What better way to start their year in the U.S. than by traveling from coast to coast! After discussing the idea with both boys’ natural parents, it was decided that the Samaneigo family would pick up their exchange students in Washington DC and give them the trip of a lifetime, crossing the United States in an RV before spending their exchange year living in southern Oregon.
Host dad, Jimmy, said moving the family vacation to align with the boys’ arrival not only allowed for some great historical learning and sightseeing opportunities, but an East coast arrival also made travel easier on the boys. Alex’s flight from Spain was his first time ever on a plane, so arriving on the East coast allowed for a more direct itinerary with fewer connections. After a smooth trip, Alex arrived in D.C. the same day that Nicolas arrived from Slovakia, and they were ready for their adventure to begin.
A tour of Washington DC was first on the agenda. The boys found the monuments and historic sights beautiful, fun, and educational. Alex says, “Normally I don’t like history so much, but I liked the things they explained in DC, and it was fun visiting the monuments.”
As their journey continued, they visited the NFL Hall of Fame in Canton, Ohio. This was a special treat for Alex, who has played football in Spain for the past few years, and is eager to play for his American school. Nicolas plans to join the team as well, to have this American experience that is not available to him in Slovakia.
The next stop was beautiful Niagara Falls, where they experienced the view—and the spray—both from a boat tour and by hiking behind the falls.
On to the Windy City, which was Nicolas’s favorite part of the trip. He says, “Chicago is the most beautiful city, with its big buildings and lots of shopping. We had fun spending time together there.”
Chicago held a variety of fun activities including an architecture tour up the Illinois River, visits to Soldier Field and Wrigley Field, and a stunning bird’s eye view of the city from the top of the Sears Tower.
And of course, no visit to Chicago would be complete without indulging in their famous deep dish pizza!
Wisconsin was next on the list, including a quick stop at Lambeau Field and a cruise on the Mississippi River.
The fun and learning of the trip extended beyond new places and sights. While camping along the Mississippi River, Nicolas learned how to grill barbecued chicken—and from the looks of this picture, I’d say he did a fantastic job!
Next, they donned life jackets for a raft trip down the Snake River in Jackson Hole, Wyoming. Both boys agreed that this was one of the best parts of the trip.
The last stop on the Itinerary was Yellowstone, which, unfortunately, they were unable to visit because of fires, so they headed to Oregon to settle into their new home and community.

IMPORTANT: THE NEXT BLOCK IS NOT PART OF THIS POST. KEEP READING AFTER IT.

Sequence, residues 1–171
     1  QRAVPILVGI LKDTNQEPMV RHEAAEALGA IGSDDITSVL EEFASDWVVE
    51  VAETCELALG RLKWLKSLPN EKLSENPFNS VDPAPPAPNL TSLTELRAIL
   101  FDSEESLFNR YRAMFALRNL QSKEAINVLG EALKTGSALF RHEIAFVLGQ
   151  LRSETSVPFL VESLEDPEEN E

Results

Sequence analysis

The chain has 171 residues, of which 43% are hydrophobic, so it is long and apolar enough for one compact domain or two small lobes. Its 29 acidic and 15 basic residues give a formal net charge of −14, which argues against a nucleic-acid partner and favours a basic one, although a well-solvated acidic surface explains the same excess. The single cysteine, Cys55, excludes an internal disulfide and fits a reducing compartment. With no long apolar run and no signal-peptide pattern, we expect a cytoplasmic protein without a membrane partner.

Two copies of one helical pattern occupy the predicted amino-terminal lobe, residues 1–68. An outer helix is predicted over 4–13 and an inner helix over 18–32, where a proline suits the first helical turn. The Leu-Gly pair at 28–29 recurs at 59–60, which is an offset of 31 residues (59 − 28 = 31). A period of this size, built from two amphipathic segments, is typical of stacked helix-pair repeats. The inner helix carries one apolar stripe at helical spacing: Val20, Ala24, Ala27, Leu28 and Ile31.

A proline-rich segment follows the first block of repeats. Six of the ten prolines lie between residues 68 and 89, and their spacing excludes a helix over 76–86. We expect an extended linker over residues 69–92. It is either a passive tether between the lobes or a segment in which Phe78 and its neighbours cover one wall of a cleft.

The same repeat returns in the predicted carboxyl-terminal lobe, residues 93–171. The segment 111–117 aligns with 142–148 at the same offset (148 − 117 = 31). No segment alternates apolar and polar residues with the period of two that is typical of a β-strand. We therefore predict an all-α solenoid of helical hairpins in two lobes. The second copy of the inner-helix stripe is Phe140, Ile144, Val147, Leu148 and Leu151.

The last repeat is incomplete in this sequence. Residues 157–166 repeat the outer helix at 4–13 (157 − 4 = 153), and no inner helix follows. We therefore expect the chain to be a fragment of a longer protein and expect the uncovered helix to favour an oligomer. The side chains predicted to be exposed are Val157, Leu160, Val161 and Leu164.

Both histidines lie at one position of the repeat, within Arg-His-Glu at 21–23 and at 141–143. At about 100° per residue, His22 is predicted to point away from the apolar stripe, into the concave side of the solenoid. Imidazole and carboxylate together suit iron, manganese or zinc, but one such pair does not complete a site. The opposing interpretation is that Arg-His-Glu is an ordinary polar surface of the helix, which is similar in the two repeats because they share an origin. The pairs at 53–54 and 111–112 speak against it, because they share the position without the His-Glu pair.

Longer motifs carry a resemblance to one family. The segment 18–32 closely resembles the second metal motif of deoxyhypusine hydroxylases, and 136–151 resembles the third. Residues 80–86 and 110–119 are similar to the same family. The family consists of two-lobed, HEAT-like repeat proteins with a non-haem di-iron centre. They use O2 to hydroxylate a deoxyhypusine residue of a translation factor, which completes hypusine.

Host dad, Jimmy, says the trip was an excellent way to begin the boys’ year in the U.S. Not only did they get to see and do a lot, but the trip enabled them all to bond as a family in a relaxed atmosphere, and “glamping” in an RV helped them manage their own space safely and easily. When asked if Alex and Nicolas are getting along with each other, Jimmy replied, “They are like brothers who were separated at birth. It couldn’t be going any better.”
Both Nicolas and Alex are adjusting very well to life in the U.S., despite the unusual circumstances the pandemic has brought. They describe Americans to be "smiling and helpful", and they are integrating into the community well. Although their school is temporarily online, they are reaching out to classmates via social media, and both boys are happy to be making friends.
They are eager to see what this year will bring them, and they are both confident that their exchange will be filled with great things. They look forward to many more adventures with—in their words—“the best host family ever”.
Do I have to take my exchange student on trips?
…and other Frequently Asked Questions
Q: Are host families required to take their exchange student on trips?
A: No. You are welcome to take your exchange student on trips and excursions, but it is not a requirement of hosting. The primary purpose of youth exchange is for students to fully engage in American culture by living as a member of the host family and attending the local high school.
Q: Would an exchange student be unhappy if the host family doesn’t travel with them?
A: While many (but not all) exchange students do enjoy sightseeing, there are other ways they can accomplish this. Often, students visit local sites with friends or on school outings. In many areas, ICES Local Coordinators organize various outings and trips for students in their area.
Normally, ICES partners with Belo Tours to offer student trips to popular destinations. While those trips are currently on hold due to the pandemic, we hope to offer them as soon as it is safe to do so.
Q: Who is responsible for paying for exchange student trips and outings?
A: Whether traveling with the host family, school, or ICES staff, the cost for trips and excursions is the student’s responsibility.
Trips and outings are just one way to help an exchange student have a fun and enriching experience. If you can provide a safe, nurturing home to an exchange student, chances are we have a student who would be a good fit for your family.
Contact us to learn more about the wonderful experience of hosting a foreign exchange student with ICES!